If you're a Carolinian, you might have seen the news recently about the puppy mill/ hoarding bust of 80 dogs. This bust has caused the York County Shelter to shut down temporarily.
Let me start by saying if you can adopt or foster, please do so. All three of my dogs are rescues. There is nothing wrong with ethical breeding to help preserve certain breeds for certain tasks. The problem is backyard breeding, puppy mills, or people who want to breed their dog because it's "cute."
Breeders that health and temperament test and treat their dogs and puppies with love and respect are not the problem. Yes, there is a price tag for a reputable and ethical breeder. I look at it like this; you pay for a healthy puppy with fewer health and behavior issues or cheap out, go with an unethical breeder, and pay for veterinarian bills, professional training, and more than likely behavior problems for the next 10-15 years or more.
Adopting isn't always obtainable for every person. Some rescues have excruciating application processes and will deny you if specific qualifications aren't met. Because of this, it can lead owners to feel confused and frustrated and choose to buy a puppy instead of adopting.
Many people say not to buy a puppy, but there's a difference between ethical and unethical breeding. Education is critical, and knowing how to spot the signs of a bad breeder will prevent you from supporting the wrong person and help end backyard breeding.
Unethical breeding or backyard breeding is an unregulated field and causes many rotten eggs to come out of the woodwork and pretend they love dogs.
They see the puppy for $$$, not a living animal. Unethical breeding usually includes horrible living conditions, separating mother and puppies too early, and overbreeding, resulting in health and behavior problems.
8 Questions To Ask When Buying A Puppy
Where are the puppies sleeping at night? Is it temperature controlled?
Are the puppies using the bathroom on the grass or pee pads? (Hint: if they have started using grass patch will mean that potty training is going to be easier.)
How long have the pups been with the mother, and when can they come home? (Do not accept any Breeder willing to separate the mom from pups before 8 weeks of age.)
Are they health tested? Any cancer, allergies, aggression, a trauma in the family?
What's the parent's temperament like?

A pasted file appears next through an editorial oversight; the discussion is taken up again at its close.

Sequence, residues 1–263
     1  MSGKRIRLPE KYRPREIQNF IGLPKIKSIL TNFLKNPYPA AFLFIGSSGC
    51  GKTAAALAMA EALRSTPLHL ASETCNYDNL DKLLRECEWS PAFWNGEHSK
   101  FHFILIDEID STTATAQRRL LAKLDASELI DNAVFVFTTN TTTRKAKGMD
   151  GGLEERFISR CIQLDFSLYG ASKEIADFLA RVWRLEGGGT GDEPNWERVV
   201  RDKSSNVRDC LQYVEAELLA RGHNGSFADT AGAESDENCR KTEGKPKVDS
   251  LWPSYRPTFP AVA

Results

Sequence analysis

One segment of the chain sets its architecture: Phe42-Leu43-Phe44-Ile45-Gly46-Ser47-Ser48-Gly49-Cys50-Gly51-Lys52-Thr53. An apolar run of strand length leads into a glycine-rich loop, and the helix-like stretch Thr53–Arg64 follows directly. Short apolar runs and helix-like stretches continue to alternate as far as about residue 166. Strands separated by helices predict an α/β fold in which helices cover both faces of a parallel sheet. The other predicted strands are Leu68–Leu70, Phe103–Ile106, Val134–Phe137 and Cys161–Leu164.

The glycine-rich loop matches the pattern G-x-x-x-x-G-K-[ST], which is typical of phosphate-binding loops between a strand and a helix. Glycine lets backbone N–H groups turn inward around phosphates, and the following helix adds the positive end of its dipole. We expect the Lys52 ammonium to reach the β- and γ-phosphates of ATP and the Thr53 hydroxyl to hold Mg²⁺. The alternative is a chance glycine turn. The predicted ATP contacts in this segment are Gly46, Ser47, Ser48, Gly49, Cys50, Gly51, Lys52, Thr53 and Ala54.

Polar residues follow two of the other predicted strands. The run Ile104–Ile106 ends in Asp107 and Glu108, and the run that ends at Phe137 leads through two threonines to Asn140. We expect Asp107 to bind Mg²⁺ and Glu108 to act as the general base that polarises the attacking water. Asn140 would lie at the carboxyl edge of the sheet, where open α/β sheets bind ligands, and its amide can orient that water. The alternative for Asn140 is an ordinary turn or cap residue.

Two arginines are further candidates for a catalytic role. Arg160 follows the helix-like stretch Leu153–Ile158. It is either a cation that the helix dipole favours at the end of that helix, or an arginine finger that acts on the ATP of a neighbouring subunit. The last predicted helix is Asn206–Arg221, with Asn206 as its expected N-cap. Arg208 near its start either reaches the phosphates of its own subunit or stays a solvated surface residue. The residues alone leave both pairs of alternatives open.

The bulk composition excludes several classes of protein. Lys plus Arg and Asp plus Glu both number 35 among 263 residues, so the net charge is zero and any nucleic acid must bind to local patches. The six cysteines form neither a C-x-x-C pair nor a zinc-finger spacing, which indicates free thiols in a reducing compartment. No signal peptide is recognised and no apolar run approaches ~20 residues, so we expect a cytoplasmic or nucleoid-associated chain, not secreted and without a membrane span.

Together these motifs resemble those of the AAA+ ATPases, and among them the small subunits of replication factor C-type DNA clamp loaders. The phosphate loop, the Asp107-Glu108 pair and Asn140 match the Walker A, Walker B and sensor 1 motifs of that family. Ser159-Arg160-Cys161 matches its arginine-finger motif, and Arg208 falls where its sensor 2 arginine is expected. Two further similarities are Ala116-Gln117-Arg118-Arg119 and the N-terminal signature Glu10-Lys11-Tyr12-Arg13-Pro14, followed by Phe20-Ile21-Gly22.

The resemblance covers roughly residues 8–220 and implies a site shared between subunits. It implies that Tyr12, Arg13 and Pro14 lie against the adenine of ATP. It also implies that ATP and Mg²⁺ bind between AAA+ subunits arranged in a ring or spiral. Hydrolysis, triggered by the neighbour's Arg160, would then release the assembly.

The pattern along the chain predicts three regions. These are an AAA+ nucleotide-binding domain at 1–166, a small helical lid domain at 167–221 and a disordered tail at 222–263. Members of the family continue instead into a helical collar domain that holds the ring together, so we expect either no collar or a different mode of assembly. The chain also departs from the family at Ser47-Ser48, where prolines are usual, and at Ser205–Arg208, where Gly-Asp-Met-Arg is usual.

Have they started socializing or exposing the puppies to new dogs, people, or objects, or noises? (Remember new studies show the earlier the puppy starts training the better.)
How many litters has the mother had? (Hint: Shouldn't be more than 4 Litters)
Can you come to the breeder's place and meet the mom/dad and puppies? (Hint: pay attention to if they are inside/outside or if the breeder has started potty training.)
Remember to trust your gut. If you can't meet the mother or father and see the puppies, that's a huge red flag. You want to know the type of place they live in and make sure it's ethical breeding. The problem is not breeding dogs. The problem is unethical breeding and a lack of education for new dog owners.
Hopefully, this list helps weed out the bad eggs and choose an ethical breeder that is loving and humane with their puppies. Follow our blog for more dog parent tips and tricks.
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A-Z DOGS LLC was created to look at the whole dog for a successful and custom training program. Ruth has been in the dog professional career for eight-plus years and has experience with small and large breeds, behavioral, and reactivity. Ruth and her husband, Alan, love dogs and have three of their own. Oakley is a 5 yr old Akita and Cattle Dog Mix that they adopted. Zena is a Husky and Pitt mix that Ruth took in as an unruly puppy. Last but not least is the five-pound chihuahua that they rescued as well. We love empowering owners and their dogs to enjoy a stress-free life together.